contents of the affidavit were gained by the defendant by reason of a confidential relationship, that is, clergyman-penitent, and therefore was privileged matter.
The defendant has filed a motion to dismiss the action on the grounds that there is no statute in this jurisdiction that provides for the cause of action which the plaintiff believes to exist, that no such action existed at common law, and that since the affidavit was filed in a judicial proceeding, it is absolutely privileged, if material and relevant to that proceeding.
The affidavit itself which is the basis of this suit was filed in a judicial proceeding in the Municipal Court for the District of Columbia (Civil Division) in which Quincy Lowe, a deposed minister, was the plaintiff and Gospel Ark Temple Church of Our Lord Jesus Christ of the Apostolic Faith, a corporation, was one of the defendants -- the other defendants being the trustees of that church.
It is apparent to this Court that the affidavit in question was both material and relevant to the suit in Municipal Court. That suit was in the nature of an injunctive action against the church and its trustees, and the affidavit sets forth reasons why Quincy Lowe, the plaintiff in that suit, was ousted, or resigned, from the church. Therefore, as this affidavit was material and relevant, it is absolutely privileged.
The law on this point was aptly stated by Justice Edgerton in the case of Brown v. Shimabukuro, 73 App.D.C. 194, 118 F.2d 17, 18, wherein he wrote as follows:
'In this jurisdiction, among others, statements in pleadings and affidavits are absolutely privileged if they have enough appearance of connection with the case in which they are filed so that a reasonable man might think them relevant. They need not be relevant in any strict sense.' (Emphasis supplied)
The foregoing case restated the principle of law for this jurisdiction as previously stated in the case of Young v. Young, 57 App.D.C. 157, 18 F.2d 807, 809:
'The general rule is that defamatory matter appearing in a pleading filed according to law in a court having jurisdiction, if relevant and pertinent to the issue in the case, is privileged, even if it reflects upon the character of one who is not a party to the suit. * * * This conclusion does not violate the rulings of the Supreme Court in White v. Nicholls, 3 How. 266, 11 L. Ed. 591 * * *' (Emphasis supplied).
This principle was also followed in the case of Geier v. Jordan, D.C.Mun.App.1954, 107 A.2d 440, 441, wherein there is the following:
'As we have already said, the first claim set out by Geier was for libel and slander. A bill of particulars filed with the first amended complaint alleged that the matter complained of was contained in the complaint filed in the former action. Since relevant statements in pleadings are absolutely privileged in this jurisdiction, this part of the claim was properly held invalid.' (Emphasis supplied)
This rule of law is followed generally in other jurisdictions, as is seen in the case of Vieira v. Meredith, 84 R.I. 299, 123 A.2d 743, 744:
'We have examined the authorities and it is our opinion that in the public interest we should adopt the pertinent rule which prevails generally in this country, namely, that libelous matter in pleadings filed in judicial proceedings are absolutely privileged where the statements are material, pertinent or relevant to the issues therein; that it is immaterial that the allegations are false and malicious, Matthis v. Kennedy, 243 Minn. 219, 67 N.W.2d 413; and that this principle applies even if the libelous statements refer to a person who is not a party to the suit, Young v. Young, 57 App.D.C. 597, 18 F.2d 807. However, the alleged libelous matter must be found to be relevant to the proceeding in which it is uttered and the question whether such defamatory matter is relevant or material is a question of law to be decided only by the court. Ginsburg v. Black, 7 Cir., 192 F.2d 823; 134 A.L.R. 483, 485. See also 53 C.J.S. Libel and Slander § 104.'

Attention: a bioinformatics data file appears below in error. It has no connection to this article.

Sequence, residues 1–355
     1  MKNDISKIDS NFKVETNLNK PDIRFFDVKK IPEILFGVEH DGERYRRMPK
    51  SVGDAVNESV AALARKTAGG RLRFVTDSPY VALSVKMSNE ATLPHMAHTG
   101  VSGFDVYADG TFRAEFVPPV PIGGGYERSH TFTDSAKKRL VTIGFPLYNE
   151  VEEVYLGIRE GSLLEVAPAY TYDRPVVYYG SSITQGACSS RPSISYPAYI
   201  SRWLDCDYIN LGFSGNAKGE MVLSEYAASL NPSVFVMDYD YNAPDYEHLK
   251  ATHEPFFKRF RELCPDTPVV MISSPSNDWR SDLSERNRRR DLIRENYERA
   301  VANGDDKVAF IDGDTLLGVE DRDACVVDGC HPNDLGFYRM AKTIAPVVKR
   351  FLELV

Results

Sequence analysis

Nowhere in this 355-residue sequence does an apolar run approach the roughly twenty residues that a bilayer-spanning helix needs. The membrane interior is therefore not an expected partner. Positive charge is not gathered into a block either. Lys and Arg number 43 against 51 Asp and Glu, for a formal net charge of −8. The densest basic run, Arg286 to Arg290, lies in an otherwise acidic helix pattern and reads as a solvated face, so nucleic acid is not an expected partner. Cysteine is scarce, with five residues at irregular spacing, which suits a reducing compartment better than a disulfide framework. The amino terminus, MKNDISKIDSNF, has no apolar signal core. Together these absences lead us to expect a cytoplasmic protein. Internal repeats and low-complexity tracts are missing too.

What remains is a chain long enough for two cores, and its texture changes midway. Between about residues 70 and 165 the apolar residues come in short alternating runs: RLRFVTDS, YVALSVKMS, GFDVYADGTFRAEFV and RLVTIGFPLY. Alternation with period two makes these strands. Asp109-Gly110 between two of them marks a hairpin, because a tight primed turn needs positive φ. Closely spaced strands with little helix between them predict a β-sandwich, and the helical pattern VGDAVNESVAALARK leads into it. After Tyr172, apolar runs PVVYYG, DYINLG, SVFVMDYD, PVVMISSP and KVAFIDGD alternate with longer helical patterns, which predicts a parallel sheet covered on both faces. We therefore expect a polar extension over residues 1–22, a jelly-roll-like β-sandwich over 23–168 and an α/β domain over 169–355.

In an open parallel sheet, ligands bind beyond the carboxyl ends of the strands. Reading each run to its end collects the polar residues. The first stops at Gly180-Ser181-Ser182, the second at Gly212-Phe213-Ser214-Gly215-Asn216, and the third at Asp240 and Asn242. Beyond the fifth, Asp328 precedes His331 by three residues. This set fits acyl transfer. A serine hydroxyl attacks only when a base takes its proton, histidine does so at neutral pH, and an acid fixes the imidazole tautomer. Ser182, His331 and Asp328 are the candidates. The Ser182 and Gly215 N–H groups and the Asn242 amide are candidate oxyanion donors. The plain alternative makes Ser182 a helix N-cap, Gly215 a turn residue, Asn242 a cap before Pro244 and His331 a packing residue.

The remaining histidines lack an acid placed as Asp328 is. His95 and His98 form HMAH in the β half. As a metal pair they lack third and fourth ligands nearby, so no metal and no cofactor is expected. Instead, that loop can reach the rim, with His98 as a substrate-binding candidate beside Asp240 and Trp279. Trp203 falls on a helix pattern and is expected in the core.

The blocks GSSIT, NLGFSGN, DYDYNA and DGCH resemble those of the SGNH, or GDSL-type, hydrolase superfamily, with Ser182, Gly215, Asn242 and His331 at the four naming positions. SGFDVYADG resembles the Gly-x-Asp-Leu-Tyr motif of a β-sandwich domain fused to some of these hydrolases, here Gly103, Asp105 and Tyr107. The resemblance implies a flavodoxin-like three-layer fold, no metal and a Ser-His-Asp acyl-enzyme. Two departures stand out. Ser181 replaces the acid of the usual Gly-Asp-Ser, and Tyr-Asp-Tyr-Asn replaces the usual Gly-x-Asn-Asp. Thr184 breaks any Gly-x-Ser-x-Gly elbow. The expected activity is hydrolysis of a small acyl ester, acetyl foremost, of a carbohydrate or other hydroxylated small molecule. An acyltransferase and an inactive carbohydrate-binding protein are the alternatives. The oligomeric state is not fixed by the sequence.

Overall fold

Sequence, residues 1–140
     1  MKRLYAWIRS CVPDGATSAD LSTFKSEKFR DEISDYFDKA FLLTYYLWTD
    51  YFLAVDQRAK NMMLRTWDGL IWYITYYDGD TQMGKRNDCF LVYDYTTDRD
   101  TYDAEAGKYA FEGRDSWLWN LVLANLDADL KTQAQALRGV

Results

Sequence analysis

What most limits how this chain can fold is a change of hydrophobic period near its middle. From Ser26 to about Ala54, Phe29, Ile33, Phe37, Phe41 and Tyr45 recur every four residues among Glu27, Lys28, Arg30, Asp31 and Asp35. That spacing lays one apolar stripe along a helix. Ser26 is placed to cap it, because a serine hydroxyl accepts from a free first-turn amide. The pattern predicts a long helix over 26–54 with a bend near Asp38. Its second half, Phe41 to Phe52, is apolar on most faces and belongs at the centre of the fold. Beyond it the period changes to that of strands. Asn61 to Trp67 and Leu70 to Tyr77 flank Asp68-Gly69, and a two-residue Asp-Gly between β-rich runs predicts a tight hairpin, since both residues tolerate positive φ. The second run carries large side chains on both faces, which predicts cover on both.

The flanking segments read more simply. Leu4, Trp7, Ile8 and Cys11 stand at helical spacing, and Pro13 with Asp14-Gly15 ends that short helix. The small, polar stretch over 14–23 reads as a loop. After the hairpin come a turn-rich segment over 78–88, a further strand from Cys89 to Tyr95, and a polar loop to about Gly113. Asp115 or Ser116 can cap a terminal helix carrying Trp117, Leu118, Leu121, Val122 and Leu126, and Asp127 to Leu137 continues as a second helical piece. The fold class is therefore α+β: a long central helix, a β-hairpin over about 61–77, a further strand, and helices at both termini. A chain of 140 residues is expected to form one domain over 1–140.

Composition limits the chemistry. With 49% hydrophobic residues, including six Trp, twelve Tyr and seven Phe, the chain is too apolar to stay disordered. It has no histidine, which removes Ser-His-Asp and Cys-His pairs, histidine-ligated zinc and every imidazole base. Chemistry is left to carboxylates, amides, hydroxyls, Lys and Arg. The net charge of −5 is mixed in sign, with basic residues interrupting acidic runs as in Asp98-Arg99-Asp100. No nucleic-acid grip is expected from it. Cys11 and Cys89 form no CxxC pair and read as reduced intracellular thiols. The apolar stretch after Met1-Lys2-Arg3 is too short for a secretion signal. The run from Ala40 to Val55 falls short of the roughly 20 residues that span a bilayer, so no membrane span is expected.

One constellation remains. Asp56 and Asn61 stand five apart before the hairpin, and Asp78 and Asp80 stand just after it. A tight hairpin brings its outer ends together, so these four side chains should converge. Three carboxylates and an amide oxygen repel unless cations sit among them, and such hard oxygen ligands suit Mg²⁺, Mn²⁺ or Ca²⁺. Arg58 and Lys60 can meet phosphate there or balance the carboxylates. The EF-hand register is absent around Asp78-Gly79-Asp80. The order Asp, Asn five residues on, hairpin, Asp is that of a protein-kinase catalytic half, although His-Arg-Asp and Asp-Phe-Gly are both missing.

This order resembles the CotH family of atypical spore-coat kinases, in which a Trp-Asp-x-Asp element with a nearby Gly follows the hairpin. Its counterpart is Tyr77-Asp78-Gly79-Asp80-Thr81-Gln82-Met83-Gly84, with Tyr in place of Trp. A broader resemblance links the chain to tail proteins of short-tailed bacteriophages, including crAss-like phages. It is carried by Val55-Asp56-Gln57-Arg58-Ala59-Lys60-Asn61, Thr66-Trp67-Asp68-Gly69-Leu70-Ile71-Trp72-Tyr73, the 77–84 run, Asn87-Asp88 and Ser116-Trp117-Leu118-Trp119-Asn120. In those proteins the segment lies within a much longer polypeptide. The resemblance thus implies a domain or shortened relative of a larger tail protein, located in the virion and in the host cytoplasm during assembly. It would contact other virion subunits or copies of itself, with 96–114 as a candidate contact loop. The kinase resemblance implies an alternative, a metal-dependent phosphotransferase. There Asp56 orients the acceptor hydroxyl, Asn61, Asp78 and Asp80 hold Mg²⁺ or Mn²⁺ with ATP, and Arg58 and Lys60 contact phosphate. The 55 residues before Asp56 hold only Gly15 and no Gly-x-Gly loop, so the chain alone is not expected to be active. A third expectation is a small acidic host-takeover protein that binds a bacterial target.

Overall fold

This Court must, therefore, conclude as a matter of law that it has been shown to the satisfaction of this Court that the affidavit herein was relevant to the judicial proceeding in which it was filed, and as such, it is absolutely privileged and cannot serve as the basis for an action in defamation.
This leads to a second point, namely, does a cause of action exist in this jurisdiction for disclosure of privileged material as this plaintiff alleges it does? Without deciding this particular question, this Court must point out that as a condition precedent to such action (if it does exist) there must be a showing that the matter disclosed or divulged is privileged. There is no such showing present in this case. It is clear from the pleadings and depositions filed herein that the relationship upon which the plaintiff relies, namely, clergyman-penitent, did not in fact exist at the time the defendant herein was the recipient of the information contained in the affidavit. Some of the information which the defendant herein obtained was furnished by the plaintiff in a telephone conversation with the defendant in which she complained of Quincy Lowe's fleeing when members of the church called police, and the balance of the matter came to the defendant's knowledge when a hearing was held pursuant to Rule 16 of the By-Laws and Constitution of the Church. There is nothing to show that these disclosures by the plaintiff to the defendant were intended to be, or were, regarded as privileged communications between penitent and clergyman.
Accordingly, the motion of the defendant to dismiss is hereby granted.
Counsel will submit appropriate order.
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